# > Econ 100b Created 4/30/1996 Go to Brad De Long's Home Page P-Set Four Answers

## Aggregate Demand

Economics 100b; Spring 1996; Brad DeLong

1. Suppose that the marginal propensity to consume is 0.6; what is the multiplier? Suppose the marginal propensity to consume is 0.75; what is the multiplier?

• multiplier = 1/(1-.6) = 2.5; multiplier = 1/(1-.75) = 4

2. Will income and production in the IS-LM model rise or fall if (a) the Federal Reserve decreases the money supply, and (b) taxes rise

• (a) shifts the LM curve to the left; (b) shifts the IS curve to the left; real GDP--income and production--falls; interest rates can go up or down

3. Suppose that the consumption function (in billions of dollars) is:

C = 200 + 0.75(Y-T)

And suppose that taxes are cut by \$60 billion. What will be the shift in the equilibrium level of income and production Y?

• For any given level of the real interest rate r, the equilibrium level of Y will be lower by 4*60 = 240 billion (4 because a marginal propensity to consume of .75 corresponds to a multiplier of 4). Whether output falls by more than 240 billion or less than 240 billion depends on whether r rises or falls as a result of this cut in taxes.

4. Banks today pay interest on checking account deposits. Does this tend to make the LM curve flatter or steeper when drawn with income Y on the horizontal and interest rates i on the vertical axis?

• Steeper. An LM curve is flat if a small change in interest rates has a big effect reducing money demand--hence an expansion of output that requires more money for transactions purposes can be accomodated by the existing money stock with only a small increase in the nominal interest rate i. Paying interest on checking accounts reduces the implicit penalty for holding wealth in readily spendable form, and is likely to reduce the effect of a change in interest rates on money demand--hence steepen the LM curve.

5. Suppose that the economy has (with all spending numbers in billions, and with interest rates in percentage points):

Net taxes T of \$1,000 A government deficit D of zero.
An investment function I = \$1,500 - \$50(r) A consumption function C = \$1,400 + 0.6(Y-T)

Derive the I-S curve: use the national income identity Y = C+I+G and the government-budget identity G-T = DEF to solve for output and income Y as a function of the interest rate r. Suppose the Federal Reserve raises r from 4% to 8%. What happens to Y?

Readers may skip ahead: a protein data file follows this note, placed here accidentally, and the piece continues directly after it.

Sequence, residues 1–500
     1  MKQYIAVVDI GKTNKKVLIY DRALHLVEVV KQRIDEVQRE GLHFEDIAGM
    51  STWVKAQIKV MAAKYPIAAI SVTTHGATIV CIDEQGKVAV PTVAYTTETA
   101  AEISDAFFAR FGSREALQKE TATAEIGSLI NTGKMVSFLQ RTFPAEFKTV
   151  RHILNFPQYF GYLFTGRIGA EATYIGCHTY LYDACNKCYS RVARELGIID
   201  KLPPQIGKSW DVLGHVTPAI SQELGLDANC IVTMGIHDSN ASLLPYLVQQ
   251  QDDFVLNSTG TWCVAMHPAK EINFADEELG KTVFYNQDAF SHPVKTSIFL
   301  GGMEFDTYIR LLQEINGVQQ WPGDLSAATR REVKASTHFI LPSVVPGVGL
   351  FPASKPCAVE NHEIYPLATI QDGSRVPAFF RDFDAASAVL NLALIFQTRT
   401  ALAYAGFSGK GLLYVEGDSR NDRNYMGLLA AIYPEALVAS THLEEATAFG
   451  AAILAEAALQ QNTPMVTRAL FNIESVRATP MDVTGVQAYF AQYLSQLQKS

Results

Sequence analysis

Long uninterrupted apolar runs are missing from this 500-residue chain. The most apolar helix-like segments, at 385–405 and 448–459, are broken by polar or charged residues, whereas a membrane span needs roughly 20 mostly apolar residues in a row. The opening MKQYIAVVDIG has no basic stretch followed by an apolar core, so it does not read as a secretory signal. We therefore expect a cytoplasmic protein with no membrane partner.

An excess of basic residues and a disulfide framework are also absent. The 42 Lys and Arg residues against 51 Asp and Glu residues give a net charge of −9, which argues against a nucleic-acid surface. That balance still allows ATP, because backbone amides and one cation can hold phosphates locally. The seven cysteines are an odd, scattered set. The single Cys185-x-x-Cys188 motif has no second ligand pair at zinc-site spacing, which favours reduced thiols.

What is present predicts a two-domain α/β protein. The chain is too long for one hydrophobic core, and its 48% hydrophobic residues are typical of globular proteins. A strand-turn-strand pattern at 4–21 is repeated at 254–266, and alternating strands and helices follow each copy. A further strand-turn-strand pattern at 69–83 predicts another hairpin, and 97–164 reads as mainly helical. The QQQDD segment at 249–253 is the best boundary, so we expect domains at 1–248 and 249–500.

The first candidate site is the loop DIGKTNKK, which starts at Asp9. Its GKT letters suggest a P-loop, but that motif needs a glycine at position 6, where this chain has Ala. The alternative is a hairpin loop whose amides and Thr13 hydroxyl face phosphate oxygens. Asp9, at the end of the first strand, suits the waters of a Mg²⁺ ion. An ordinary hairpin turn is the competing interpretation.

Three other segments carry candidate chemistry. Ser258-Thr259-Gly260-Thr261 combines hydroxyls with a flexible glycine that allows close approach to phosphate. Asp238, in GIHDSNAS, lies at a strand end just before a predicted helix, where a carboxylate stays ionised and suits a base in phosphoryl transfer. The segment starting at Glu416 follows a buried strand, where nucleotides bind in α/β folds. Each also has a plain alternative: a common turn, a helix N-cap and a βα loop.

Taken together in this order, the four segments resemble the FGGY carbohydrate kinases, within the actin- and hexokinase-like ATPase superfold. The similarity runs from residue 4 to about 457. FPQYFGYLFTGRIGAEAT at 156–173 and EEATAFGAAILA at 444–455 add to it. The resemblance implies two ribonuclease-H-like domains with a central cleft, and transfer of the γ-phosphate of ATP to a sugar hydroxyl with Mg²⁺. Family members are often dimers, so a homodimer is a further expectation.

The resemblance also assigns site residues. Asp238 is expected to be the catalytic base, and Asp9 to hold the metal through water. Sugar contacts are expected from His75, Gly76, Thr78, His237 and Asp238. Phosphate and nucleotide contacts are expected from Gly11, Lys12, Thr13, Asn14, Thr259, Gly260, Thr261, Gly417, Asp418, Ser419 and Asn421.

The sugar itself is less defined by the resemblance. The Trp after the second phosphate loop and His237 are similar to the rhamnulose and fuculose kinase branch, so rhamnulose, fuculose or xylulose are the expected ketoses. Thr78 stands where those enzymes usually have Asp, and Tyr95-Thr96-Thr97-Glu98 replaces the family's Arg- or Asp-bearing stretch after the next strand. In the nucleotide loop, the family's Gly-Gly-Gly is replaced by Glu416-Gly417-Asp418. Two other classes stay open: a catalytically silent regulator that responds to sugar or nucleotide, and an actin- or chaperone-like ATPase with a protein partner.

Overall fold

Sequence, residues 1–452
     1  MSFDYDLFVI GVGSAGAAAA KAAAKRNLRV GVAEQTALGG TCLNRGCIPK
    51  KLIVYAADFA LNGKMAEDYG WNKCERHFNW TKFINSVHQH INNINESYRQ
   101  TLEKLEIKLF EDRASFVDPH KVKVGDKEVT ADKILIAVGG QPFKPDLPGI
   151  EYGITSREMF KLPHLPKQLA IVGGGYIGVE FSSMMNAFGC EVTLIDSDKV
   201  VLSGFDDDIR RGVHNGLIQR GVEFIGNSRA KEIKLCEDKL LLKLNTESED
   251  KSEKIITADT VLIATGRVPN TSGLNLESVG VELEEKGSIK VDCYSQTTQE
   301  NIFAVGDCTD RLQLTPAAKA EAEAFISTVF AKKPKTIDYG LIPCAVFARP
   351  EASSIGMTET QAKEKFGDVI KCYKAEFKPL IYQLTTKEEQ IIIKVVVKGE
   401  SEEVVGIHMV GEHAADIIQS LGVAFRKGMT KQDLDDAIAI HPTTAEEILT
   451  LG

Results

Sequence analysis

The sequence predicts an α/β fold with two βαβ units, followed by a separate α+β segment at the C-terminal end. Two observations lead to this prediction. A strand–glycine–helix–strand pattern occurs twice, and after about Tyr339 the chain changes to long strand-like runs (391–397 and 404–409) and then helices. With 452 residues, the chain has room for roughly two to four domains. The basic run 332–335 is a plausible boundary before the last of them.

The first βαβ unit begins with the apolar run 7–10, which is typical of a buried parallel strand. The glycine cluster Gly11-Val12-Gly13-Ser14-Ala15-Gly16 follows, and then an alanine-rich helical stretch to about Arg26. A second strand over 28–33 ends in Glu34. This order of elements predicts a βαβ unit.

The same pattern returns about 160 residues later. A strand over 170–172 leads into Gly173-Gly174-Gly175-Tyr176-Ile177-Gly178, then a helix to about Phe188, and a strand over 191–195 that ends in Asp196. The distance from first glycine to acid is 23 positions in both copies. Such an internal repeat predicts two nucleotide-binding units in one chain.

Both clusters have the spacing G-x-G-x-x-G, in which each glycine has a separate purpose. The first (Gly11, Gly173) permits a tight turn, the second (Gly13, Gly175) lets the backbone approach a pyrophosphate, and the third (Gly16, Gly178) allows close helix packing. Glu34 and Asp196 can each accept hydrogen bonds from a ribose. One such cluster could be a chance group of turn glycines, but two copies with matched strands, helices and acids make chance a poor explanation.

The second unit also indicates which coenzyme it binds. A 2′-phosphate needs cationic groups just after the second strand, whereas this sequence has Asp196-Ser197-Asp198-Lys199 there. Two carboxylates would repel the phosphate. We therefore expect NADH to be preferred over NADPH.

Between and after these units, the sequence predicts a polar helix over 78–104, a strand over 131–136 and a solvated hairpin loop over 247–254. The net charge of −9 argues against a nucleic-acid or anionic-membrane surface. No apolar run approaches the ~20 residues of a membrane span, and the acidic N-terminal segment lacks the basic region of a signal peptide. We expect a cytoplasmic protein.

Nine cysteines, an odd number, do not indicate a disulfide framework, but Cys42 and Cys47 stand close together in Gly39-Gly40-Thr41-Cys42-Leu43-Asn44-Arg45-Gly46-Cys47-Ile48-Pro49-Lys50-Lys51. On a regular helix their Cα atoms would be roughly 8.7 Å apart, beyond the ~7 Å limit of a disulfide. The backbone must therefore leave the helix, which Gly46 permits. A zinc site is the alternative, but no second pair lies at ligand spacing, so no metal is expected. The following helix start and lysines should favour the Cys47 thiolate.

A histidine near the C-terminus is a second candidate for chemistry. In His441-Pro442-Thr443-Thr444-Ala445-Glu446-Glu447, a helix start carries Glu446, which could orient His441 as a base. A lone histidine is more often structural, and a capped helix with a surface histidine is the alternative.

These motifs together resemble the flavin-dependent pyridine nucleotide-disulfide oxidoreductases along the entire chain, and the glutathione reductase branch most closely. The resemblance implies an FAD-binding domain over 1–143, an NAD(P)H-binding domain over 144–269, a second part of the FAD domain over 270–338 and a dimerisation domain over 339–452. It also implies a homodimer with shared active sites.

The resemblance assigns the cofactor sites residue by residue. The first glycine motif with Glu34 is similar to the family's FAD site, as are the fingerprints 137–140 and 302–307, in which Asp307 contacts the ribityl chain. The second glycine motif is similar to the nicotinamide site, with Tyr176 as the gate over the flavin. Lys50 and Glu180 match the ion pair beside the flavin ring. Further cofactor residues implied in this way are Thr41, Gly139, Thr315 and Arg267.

• Derive the IS curve: Y = 1400 + .6(Y-1000) + 1500 - 50r + 1000
Y = 3300 + .6Y - 50 r
.4Y = 3300 - 50 r
Y = 8250 - 125r
with r=4%, Y = 7750
with r=8%, Y = 7250 .... down by 500

6. Consider (with all spending numbers in billions, and with interest rates in percentage points) the IS curve Y = \$7,400 - \$100(r) and the LM curve Y = \$6,800 + \$20(i). Suppose that expected inflation is zero, and there are no anticipated shifts in future monetary policy, so that i = r. What is the equilibrium level of output and income Y? What is the equilibrium level of interest rates i = r?

• First require that the Y determined by the IS curve is the same as the Y determined by the LM curve, and substitute r in for i:
7400 - 100r = 6800 + 20i = 6800 + 20r
600 = 120r
r = 5(%), and so Y = 6900

7. Now suppose the government cuts taxes by \$100 billion, and that the multiplier is 2.4. What is the new IS curve? What are the new equilibrium levels of output and income Y, and of interest rates r? Has Y increased by more or by less than the magnitude of the shift in the LM curve.

• New IS curve: Y = 7640 - 100r; 840 = 120r, so r=7(%) and Y= 6940. Note an ambiguity in the definition of "multiplier": do I mean the tax multiplier is 2.4, or the government spending-investment multiplier is 2.4? They are different: one is c'/(1-c'); the other is 1/(1-c')

8. Now suppose that investors and bond traders suddenly change their expectations, and now expect a future tightening of monetary policy so that r = i + 3%. What is the new equilibrium level of output and income Y? What are the new equilibrium levels of interest rates?

• IS curve: Y = 7640 - 100 r; LM curve: Y = 6800 + 20i = 6800 + 20(r - 3) = 6740 + 20r
Thus 7640 - 100r = 6740 + 20 r,
So: 900 = 120 r, and r = 7.5%
The answer is that Y = 6890. Anticipated future monetary tightening has reduced output and reased unemployment, even though the Federal Reserve has not lifted a finger...

>

# Econ 100b

Created 4/30/1996
Go to
Brad De Long's Home Page

 Professor of Economics J. Bradford DeLong, 601 Evans University of California at Berkeley Berkeley, CA 94720-3880 (510) 643-4027 phone (510) 642-6615 fax delong@econ.berkeley.edu http://www.j-bradford-delong.net/

ÿ